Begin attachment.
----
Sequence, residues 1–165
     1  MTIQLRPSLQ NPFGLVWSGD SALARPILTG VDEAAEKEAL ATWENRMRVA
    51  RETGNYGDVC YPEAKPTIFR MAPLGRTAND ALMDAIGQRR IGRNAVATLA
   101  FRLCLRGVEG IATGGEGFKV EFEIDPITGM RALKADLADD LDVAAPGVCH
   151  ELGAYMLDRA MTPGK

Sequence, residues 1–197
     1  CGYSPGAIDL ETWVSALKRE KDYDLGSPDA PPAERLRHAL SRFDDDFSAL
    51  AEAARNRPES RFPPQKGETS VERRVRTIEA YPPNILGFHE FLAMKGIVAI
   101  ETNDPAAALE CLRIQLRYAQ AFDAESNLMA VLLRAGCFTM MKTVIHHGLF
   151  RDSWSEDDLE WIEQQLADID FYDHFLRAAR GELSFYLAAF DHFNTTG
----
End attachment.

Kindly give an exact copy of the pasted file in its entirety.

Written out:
Sequence, residues 1–165
     1  MTIQLRPSLQ NPFGLVWSGD SALARPILTG VDEAAEKEAL ATWENRMRVA
    51  RETGNYGDVC YPEAKPTIFR MAPLGRTAND ALMDAIGQRR IGRNAVATLA
   101  FRLCLRGVEG IATGGEGFKV EFEIDPITGM RALKADLADD LDVAAPGVCH
   151  ELGAYMLDRA MTPGK

Sequence, residues 1–197
     1  CGYSPGAIDL ETWVSALKRE KDYDLGSPDA PPAERLRHAL SRFDDDFSAL
    51  AEAARNRPES RFPPQKGETS VERRVRTIEA YPPNILGFHE FLAMKGIVAI
   101  ETNDPAAALE CLRIQLRYAQ AFDAESNLMA VLLRAGCFTM MKTVIHHGLF
   151  RDSWSEDDLE WIEQQLADID FYDHFLRAAR GELSFYLAAF DHFNTTG